Difficulty Adapting to Eyeglasses

by Tiffany

Q: I have been having great difficulty adapting to eyeglasses and would greatly appreciate your advice and input.

Just a little background info:

I am a 47 yo female. At age 42, I noticed a change in my vision which seemed like literally overnight. I struggled with severe eye strain, headaches etc. I was initially prescribed reading glasses at a low prescription of +5. Prior to this, I had excellent vision and had never worn glasses.

At age 43, I was diagnosed with convergence insufficiency. I consulted with an ophthalmologist and an optometrist. I completed a several months of “vision therapy” which I noticed little improvement though I was told with great confidence by my doctor that I could expect great improvement.

My current optometrist recommended a progressive lens as I was still having discomfort and she felt wearing a full time lens would help me. She put me in a Hoya (My Style) lens w/Trivex.

My current prescription is +1.75 with 1BI prism.

I wore these for several months as much as I could tolerate. Initially, I had headaches, nausea and could only wear them for a few minutes at a time. I was able to work up to wearing them a few hours at a time but could not tolerate wearing them all day. These lenses were put into a lightweight, rimless but flimsy frame that added to the aggravation. After more than one adjustment, they still would slide on my face or fall off when I would bend down or drop me head.

I want to try another progressive again but need some insightful advice from someone who is very knowledgeable with recommending lenses for specific needs/issues. I have done some research online as well as talking with opticians at a few eyeglass shops only to become more confused as to what work best for me.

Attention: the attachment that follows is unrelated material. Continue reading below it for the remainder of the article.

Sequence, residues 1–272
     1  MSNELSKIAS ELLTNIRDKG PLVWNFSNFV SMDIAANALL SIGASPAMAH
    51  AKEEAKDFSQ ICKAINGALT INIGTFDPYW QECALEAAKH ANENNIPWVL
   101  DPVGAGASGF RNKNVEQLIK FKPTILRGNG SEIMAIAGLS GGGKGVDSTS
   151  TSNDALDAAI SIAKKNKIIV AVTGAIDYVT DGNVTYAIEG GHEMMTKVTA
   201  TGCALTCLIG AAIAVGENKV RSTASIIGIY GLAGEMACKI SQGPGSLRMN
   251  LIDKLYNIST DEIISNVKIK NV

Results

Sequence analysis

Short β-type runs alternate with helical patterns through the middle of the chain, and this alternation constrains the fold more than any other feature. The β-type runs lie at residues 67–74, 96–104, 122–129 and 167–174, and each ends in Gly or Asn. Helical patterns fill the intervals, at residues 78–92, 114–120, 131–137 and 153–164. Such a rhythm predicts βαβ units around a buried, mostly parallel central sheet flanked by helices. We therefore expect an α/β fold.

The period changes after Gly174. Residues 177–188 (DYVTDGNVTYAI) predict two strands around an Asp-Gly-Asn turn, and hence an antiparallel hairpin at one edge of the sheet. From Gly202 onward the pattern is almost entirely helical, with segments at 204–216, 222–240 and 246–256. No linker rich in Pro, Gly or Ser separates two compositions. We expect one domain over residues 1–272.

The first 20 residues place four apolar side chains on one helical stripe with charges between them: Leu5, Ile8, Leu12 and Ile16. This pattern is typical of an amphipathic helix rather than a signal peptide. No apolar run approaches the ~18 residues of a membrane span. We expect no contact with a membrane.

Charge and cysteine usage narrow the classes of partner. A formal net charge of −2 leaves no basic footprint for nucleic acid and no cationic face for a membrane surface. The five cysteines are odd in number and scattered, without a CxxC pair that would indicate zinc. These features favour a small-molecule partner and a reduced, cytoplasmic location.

The main need for my eyeglasses is for close-up and intermediate vision. No prescription would be added to the top for distance but I would wear them full time. I know this is a simple and mild prescription and I don’t know why I am having such negative symptoms with adaption. I would like a lens that has a large corridor, excellent clarity (least amount of distortion/aberrations) and would be the easiest to adapt to and wear full-time.

Also, I do have a petite face with my eyes spaced fairly close together. Finding a frame that fits my face and allows for the lens space needed for a progressive has been challenging.

Any particular type of frame you may recommend? (rimmed, semi-rimmed, rimless plastic….adjustable noise piece vs. plastic??)

A: Hello Tiffany,

Seeing what you wrote, there are some things I do not understand, so I don’t see the point of them. But see below:

It is said that you have the convergence insufficiency if you experience headaches, eyestrain, blurred vision, difficulty concentrating, double vision, movement of print while reading, etc. These symptoms are usually discovered in youth or childhood and not over-night as you said is on your case at 42.

But, if you have all this and the diagnostic is real and documented, the best treatment should be the vision therapy indeed.

This is the part I do not understand:

Why do you have progressive eyeglasses if you do not have a far vision prescription?

Wearing varifocal lenses with “0” diopters for the far vision it seems to me expensive and maybe not the best choice (for your condition).